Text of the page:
The climate controls are appealing to push and turn, clicking and gliding through the options with ease and precision. The automatic climate control also works excellent. Quietly keeping the cabin at the right temperature without excessive fan noise or frequent inputs to the controls.
The difference between the Hyundai and its competitors is how well it performs as a whole.
Many of the cars in the class have all the same features that the Hyundai does, but the Elantra does it better, more consistently, and more precise.
The automatic wipers for example. I didn’t realize I had them on for the first couple of rainy days with the Hyundai because they simply worked, without me even thinking about it. The windshield was always cleared, with no excessive wiping like Toyota’s often do. The automatic high-beams were the same, flawless operation with no blinding oncoming traffic and quickly turning back on when needed. The same can be said for the adaptive cruise, the climate control, the infotainment system, and just about everything else in the car.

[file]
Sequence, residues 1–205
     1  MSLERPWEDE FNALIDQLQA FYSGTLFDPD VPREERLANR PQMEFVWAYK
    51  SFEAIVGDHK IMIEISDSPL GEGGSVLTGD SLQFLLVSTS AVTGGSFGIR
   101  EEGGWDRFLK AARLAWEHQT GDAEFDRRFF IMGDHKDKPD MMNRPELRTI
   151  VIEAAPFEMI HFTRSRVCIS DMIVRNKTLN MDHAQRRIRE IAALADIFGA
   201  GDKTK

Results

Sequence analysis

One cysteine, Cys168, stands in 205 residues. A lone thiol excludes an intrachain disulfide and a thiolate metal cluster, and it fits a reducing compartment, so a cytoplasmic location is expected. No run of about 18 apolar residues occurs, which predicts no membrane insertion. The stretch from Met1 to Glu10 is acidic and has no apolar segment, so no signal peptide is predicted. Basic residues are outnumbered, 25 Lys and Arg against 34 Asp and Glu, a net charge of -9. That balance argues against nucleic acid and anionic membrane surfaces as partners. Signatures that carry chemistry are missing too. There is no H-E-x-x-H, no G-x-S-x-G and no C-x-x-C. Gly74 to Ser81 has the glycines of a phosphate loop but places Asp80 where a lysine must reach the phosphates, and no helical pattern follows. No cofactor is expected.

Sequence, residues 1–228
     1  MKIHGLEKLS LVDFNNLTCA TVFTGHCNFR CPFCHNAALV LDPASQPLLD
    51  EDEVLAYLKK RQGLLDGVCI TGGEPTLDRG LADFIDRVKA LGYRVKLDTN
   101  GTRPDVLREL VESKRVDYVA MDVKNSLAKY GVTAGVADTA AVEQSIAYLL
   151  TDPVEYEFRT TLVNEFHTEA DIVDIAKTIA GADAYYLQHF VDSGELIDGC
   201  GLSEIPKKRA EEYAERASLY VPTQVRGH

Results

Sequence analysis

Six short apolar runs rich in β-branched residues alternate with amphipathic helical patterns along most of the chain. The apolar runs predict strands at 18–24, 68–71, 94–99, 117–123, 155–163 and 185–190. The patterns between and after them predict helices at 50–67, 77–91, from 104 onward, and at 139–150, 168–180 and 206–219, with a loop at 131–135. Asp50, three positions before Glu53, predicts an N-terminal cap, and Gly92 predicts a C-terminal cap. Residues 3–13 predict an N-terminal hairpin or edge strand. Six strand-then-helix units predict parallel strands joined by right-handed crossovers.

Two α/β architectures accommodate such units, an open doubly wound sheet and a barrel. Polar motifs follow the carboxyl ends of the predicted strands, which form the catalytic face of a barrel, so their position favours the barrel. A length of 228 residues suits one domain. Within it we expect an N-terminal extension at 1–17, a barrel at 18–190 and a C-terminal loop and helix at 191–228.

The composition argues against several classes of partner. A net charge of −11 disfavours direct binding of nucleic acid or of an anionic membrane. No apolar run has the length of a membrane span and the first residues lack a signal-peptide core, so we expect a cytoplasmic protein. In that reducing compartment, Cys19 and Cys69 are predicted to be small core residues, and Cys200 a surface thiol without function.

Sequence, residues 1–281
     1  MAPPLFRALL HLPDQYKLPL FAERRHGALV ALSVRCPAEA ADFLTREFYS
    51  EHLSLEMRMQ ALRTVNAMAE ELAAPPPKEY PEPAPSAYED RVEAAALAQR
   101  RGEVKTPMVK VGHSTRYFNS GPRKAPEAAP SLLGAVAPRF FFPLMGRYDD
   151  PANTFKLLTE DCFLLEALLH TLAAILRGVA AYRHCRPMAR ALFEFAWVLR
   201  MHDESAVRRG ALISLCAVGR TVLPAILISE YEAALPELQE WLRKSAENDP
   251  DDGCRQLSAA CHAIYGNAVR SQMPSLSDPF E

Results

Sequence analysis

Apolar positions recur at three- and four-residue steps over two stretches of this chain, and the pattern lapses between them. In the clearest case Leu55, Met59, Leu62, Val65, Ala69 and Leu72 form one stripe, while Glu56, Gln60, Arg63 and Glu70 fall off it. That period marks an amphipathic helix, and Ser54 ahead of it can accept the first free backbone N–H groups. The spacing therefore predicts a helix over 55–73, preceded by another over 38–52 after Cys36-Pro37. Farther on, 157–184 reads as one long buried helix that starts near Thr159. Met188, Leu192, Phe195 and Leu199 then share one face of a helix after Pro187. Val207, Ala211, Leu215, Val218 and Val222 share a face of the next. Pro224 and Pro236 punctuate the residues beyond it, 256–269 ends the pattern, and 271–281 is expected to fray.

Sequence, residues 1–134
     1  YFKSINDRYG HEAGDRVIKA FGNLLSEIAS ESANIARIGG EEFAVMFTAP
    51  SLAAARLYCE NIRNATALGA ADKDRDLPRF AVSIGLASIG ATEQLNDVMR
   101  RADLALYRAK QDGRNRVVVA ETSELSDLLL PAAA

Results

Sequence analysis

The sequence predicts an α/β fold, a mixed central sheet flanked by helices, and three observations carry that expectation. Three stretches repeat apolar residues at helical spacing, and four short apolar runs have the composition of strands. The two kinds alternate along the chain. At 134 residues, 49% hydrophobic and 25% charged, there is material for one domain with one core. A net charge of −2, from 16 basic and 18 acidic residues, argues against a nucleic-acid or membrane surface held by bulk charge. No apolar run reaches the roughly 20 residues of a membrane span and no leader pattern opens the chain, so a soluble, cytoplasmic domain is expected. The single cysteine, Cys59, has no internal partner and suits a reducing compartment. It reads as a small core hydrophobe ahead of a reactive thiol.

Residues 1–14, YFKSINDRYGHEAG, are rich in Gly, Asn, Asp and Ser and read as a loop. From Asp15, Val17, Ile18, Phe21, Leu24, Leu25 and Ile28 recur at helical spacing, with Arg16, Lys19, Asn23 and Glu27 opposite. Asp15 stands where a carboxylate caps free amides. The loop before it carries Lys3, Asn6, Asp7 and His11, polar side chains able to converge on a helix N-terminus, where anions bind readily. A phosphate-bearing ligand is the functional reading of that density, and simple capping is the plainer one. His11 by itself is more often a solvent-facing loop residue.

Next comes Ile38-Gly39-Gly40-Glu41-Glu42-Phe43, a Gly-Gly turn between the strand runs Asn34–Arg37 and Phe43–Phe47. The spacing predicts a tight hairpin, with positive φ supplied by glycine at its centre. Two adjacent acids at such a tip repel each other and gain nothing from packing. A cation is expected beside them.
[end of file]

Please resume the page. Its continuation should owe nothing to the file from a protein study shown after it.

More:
Everything simply works—and works well.
Driving feels as good as the interior. The car quietly whisks you along with a comfortable ride that easily absorbs road imperfections, keeping the cabin comfortable and quiet. No other car in this class has a quieter or more composed ride.
The last of “The Good”, and in our opinion, the most important, is the price. Our tester held a sticker price of $27,215, including destination charge. Compared to its closest rivals, this puts the Hyundai within a couple hundred dollars of each. Right in the sweet spot. For the features you get, with the build quality that Hyundai has demonstrated, there isn’t much that can stand up to it.
As good as everything is in the Hyundai Elantra Limited, there are, of course, some complaints. The stereo system could be better. With normal listening, it has clean, crisp sound, but when cranked up to 11 to rock out to some classic Justin Bieber, it loses its quality and is frankly a bit weak.
There were also no cooled seats, which wouldn’t a massive complaint, but seeing as it’s competing with the highest-priced vehicles in its class, the lack of cooled seats seems like a bit of an oversite.